How much you can borrow is not the question, how much can you afford to pay is the key.
The internet is littered with calculators that give you some ridiculous amount that you can borrow. Most calculators take into account a few basic numbers and spit out a result that makes the eyes water.
They work out this vague notion of how much you can borrow and lead us to believe it’s how much can you afford.
The mortgage industry as a whole is undergoing some pain at the moment. The focus is to accurately assess people’s living expenses to ensure they can pay back their loans without hardship. Industry regulators and the Royal Commission are driving this more than an inherent sense of doing the right thing in the industry.
The ‘darling’ of the moment is peoples living expenses. The theory is accurately assessing living expenses will reduce the likliehood of people defaulting on their loans.
Until recently banks and lenders used benchmark living expense figures such as the Henderson Poverty Index or the Household Expenditure Model(HEM) to assess your living costs. A single person spends this much per month, a married couple with two kids it’s this much etc.
The new norm, is collecting peoples actual living expenses and comparing them against the HEM. If your stated expenses are lower the lender will use the HEM. If your stated expenses are higher they use your numbers. The trick here is if your expenses are lower you get a ‘please explain’. Why don’t you spend so much and what do you do with the surplus?
If your expenses are higher than the HEM, your borrowing capacity decreases.
But what about affordability?
The real question we don’t ask is ‘how much can you afford’ to pay each week, fortnight or month on your loan repayments? This not a simple question to answer off the cuff. It takes thought and dare I say it responsibility on the part of the borrower to work this out, before applying for a loan.
There is effort involved working through your household cashflow. Understanding how much comes in, how much goes out and how much is left over. In effect a budget. Your calculations have one main purpose; to answer your own question of how much can you afford to pay.
Three levels of affordability
How much can you afford to pay? There are three numbers you need to work out;
- Comfortable-The amount that will fit ok into your budget. It’s not going to stretch you too much and even if interest rates go up you can tweek your budget to cover the increase.
- Stretch-As it sounds, this is the maximum you can afford. You know if you are taking this to the limit, it will take serious attention to your budget to keep up the loan payments if rates go up.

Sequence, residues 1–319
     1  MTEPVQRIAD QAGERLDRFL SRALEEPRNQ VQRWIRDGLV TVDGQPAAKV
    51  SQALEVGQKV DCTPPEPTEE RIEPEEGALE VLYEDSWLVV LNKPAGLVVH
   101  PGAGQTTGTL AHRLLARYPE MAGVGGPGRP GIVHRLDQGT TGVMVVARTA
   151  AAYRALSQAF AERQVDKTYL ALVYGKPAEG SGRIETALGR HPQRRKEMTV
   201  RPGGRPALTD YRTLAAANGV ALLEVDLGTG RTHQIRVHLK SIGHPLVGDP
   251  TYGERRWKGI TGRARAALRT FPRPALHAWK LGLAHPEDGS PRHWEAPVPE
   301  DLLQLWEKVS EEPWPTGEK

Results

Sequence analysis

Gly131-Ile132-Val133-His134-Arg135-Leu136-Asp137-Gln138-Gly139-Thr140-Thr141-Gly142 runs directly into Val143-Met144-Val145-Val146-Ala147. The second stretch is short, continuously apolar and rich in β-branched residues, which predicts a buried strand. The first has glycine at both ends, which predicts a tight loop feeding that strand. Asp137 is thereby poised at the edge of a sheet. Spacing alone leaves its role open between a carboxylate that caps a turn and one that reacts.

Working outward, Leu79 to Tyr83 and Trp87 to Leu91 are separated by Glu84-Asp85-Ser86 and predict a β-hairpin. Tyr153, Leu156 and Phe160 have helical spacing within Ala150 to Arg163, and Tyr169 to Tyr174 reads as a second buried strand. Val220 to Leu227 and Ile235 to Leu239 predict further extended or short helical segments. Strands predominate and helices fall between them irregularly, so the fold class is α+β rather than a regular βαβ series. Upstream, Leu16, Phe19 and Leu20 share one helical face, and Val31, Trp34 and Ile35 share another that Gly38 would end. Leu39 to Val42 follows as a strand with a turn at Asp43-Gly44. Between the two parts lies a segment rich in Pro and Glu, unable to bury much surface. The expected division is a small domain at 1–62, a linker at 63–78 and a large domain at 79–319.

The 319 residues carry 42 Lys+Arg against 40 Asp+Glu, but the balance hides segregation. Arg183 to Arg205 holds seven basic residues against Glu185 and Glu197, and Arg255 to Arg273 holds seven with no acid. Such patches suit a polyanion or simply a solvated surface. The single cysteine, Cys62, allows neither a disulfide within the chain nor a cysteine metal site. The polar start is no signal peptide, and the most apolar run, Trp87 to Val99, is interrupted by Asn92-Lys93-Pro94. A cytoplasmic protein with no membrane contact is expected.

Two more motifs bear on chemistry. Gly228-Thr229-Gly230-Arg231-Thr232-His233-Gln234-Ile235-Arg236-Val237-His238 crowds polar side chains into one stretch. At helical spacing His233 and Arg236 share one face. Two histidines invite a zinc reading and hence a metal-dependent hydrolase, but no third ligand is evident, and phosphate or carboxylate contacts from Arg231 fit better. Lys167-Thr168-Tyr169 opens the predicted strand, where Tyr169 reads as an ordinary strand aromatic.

- Walk in the park- You can easily cover your repayments with plenty to spare.If fact you’ll increase your minimum repayments to pay off your loan early.
My suggestion is to avoid the stretch amount at all costs. A small increase in interest rate will put you in a difficult position. Try and work around your comfortable number, it will give you the flexibility to cope with the ups and downs of interest rates.
How much can you afford to pay and borrowing capacity.
Now you know how much you can afford to pay, you can work backwards and see what this means in terms of the amount you can borrow. Ask a professional mortgage broker to do this for you. Once you have this number, your broker can assess your borrowing capacity with different lenders and find those that fit.
Begin with the end in mind
This approach starts with the end point that is how much can you pay and works backwards. You get a loan amount and your borrowing capacity. You will be sure you’ve already worked out how much you want to pay each month before you’re confronted with an unrealistic borrowing capacity.
Granted you will still have to proceed through the lenders process which works the other way around. I can’t see this changing anytime soon, but at least you know the end result is where you want to be.
You will be tempted
Borrowing capacity calculators will show you can borrow more than you have decided and you’ll be tempted to borrow more. You may think you’ve been to conservative with your calculations of what you can afford to pay or, perhaps we could get that bigger/better/nearer house than we thought.
This is only natural. But, think hard before your emotions override your common sense.